Autoantibodies present an interesting problem, both in their clinical manifestations and in the difficulty of laboratory detection and identification. They may be either the warm or cold type and may be complete or incomplete.

Warm autoantibodies react at body temperature and are most often of the incomplete type. They comprise about 70% of autoantibodies. They may be idiopathic or secondary to certain diseases. The main disease categories responsible are leukemias and lymphomas (particularly chronic lymphocytic leukemia and Hodgkin’s disease); collagen diseases (especially disseminated lupus); and, uncommonly, a variety of other diseases, including cirrhosis and extensive carcinoma. Results of the direct Coombs’ test are usually but notalways positive, both in the “idiopathic acquired” and the secondary autoimmune hemolytic anemias. In one report, 2%-4% of patients with autoimmune hemolytic anemia had a negative direct Coombs’ test result. If the Coombs’ test result is negative, demonstration of warm autoantibodies is very difficult, often impossible.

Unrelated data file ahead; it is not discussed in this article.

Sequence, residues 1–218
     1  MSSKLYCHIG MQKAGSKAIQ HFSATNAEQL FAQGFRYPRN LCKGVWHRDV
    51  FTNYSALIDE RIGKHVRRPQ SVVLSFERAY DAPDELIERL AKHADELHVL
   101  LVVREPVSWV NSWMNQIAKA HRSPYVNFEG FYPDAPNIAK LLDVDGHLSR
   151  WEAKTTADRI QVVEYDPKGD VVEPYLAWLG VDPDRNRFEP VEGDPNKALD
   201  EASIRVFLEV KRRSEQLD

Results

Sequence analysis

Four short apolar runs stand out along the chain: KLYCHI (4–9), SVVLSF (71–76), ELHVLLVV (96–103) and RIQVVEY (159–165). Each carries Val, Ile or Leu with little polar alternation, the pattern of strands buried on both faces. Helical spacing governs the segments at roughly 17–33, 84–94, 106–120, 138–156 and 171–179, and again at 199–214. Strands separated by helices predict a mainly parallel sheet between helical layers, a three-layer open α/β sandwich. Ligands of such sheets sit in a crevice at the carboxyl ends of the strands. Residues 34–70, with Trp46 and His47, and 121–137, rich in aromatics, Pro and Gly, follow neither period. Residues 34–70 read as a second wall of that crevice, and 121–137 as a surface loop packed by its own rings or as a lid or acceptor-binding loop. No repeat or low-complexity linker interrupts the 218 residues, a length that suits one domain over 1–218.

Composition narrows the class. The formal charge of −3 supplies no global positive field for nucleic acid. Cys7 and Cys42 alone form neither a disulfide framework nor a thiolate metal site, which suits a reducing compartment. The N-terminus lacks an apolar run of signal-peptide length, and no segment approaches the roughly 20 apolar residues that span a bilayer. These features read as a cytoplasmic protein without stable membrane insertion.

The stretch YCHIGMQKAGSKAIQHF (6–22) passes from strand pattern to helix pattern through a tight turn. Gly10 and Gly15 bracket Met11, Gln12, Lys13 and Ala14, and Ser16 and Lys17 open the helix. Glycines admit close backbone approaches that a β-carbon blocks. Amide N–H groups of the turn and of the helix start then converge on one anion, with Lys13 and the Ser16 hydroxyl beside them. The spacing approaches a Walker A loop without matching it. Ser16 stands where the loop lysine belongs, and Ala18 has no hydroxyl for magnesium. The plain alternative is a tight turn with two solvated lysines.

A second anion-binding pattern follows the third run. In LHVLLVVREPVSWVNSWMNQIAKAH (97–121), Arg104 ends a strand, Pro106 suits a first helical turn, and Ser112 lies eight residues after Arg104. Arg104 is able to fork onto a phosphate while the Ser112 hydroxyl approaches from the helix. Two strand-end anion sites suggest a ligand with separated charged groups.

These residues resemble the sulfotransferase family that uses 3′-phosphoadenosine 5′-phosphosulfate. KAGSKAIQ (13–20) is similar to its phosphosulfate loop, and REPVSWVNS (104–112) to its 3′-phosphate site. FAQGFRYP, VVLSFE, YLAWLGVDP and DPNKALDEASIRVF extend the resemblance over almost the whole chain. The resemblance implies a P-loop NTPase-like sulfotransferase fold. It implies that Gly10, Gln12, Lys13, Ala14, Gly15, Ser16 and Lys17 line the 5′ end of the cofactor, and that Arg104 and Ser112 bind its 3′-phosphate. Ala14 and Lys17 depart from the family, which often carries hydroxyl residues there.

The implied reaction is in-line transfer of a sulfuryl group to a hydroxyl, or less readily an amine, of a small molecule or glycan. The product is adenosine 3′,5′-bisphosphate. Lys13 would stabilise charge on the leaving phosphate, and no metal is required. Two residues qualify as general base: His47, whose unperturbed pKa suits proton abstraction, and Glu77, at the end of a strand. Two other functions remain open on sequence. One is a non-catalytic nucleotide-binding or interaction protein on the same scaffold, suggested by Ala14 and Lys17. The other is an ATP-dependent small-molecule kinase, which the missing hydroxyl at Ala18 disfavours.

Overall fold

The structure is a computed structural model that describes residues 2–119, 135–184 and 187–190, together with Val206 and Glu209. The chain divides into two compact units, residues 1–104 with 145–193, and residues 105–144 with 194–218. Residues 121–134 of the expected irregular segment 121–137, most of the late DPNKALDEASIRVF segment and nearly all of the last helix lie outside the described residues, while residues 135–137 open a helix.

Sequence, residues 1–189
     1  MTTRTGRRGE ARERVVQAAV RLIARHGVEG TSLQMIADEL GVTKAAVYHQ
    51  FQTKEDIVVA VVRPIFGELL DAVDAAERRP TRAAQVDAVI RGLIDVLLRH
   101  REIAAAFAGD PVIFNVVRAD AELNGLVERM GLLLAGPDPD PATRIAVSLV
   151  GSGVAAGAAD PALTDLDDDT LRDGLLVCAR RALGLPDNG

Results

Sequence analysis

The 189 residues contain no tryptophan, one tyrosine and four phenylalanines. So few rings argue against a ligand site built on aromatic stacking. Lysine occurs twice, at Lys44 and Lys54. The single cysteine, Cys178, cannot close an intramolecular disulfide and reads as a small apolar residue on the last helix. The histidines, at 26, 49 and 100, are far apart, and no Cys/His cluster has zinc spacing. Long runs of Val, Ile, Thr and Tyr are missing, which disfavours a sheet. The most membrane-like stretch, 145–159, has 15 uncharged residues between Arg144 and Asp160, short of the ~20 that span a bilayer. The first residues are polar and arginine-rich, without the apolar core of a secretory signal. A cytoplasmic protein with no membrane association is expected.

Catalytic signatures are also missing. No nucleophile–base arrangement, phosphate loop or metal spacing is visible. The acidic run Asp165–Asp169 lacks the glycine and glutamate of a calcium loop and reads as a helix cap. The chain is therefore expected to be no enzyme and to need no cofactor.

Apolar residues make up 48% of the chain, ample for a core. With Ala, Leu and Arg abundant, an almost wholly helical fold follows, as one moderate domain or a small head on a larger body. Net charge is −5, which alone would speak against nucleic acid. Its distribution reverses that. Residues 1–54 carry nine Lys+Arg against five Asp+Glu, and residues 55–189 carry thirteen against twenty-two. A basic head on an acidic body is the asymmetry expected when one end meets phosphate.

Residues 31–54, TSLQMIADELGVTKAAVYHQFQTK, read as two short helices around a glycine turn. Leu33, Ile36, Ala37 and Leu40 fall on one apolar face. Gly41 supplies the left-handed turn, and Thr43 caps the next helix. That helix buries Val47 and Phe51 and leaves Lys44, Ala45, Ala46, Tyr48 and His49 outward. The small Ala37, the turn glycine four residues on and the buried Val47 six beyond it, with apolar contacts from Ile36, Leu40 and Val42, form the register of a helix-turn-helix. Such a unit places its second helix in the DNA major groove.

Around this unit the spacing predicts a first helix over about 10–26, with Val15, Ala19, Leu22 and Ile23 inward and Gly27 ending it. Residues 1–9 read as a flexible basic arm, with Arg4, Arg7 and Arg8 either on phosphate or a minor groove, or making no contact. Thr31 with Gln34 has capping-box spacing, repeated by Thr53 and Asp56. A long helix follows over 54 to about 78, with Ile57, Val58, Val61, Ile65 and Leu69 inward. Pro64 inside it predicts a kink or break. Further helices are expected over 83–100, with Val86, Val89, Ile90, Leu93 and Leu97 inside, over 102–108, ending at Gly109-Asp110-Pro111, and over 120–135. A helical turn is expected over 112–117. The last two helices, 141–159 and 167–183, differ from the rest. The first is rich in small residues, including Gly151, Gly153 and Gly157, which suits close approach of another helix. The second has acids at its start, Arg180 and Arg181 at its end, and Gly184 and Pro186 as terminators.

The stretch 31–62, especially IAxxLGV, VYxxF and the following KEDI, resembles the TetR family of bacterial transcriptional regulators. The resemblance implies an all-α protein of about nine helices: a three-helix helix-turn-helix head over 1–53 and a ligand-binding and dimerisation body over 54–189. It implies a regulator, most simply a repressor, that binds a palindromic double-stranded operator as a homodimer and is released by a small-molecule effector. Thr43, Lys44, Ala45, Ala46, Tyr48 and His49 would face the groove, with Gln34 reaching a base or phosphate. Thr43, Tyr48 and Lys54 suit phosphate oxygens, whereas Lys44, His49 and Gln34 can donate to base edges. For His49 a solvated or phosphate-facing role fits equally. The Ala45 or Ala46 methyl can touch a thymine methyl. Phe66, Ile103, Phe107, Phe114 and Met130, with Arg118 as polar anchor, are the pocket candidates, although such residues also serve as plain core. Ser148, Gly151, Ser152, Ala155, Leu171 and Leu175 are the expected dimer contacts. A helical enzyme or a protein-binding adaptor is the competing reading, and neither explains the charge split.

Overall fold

Cold autoantibodies react at 4°C-20°C and are found so frequently in normal persons that titers up to 1:32 are considered normal. Theyare hemagglutinating and are believed to be due to infection by organisms having antigenic groups similar to some of those on the RBCs. These antibodies behave mostly as bivalent types and require complement for reaction. In normally lowtiter they need refrigerator temperatures to attack RBCs. In response to a considerable number of diseases, these cold agglutinins are found in high titer, sometimes very high, and may then attack RBCs at temperatures approaching body levels, causing hemolytic anemia. High-titer cold agglutinins may befound in nonbacterial infections, especially mycoplasma pneumonia (primary atypical pneumonia), influenza, and infectious mononucleosis; in collagen diseases, including rheumatoid arthritis; in malignant lymphomas; and occasionally in cirrhosis. Fortunately, even when cold autoantibodies are present in high titer there usually is no trouble, and generally only very high titers are associated with in vivo erythrocyte agglutination or hemolytic anemia. This is not always true, however. The direct Coombs’ test result is usually negative. When cold agglutinin studies are ordered, an indirect Coombs’ test is generally done, with the first stage being incubation of RBCs and the patient’s serum at 4°C-10°C.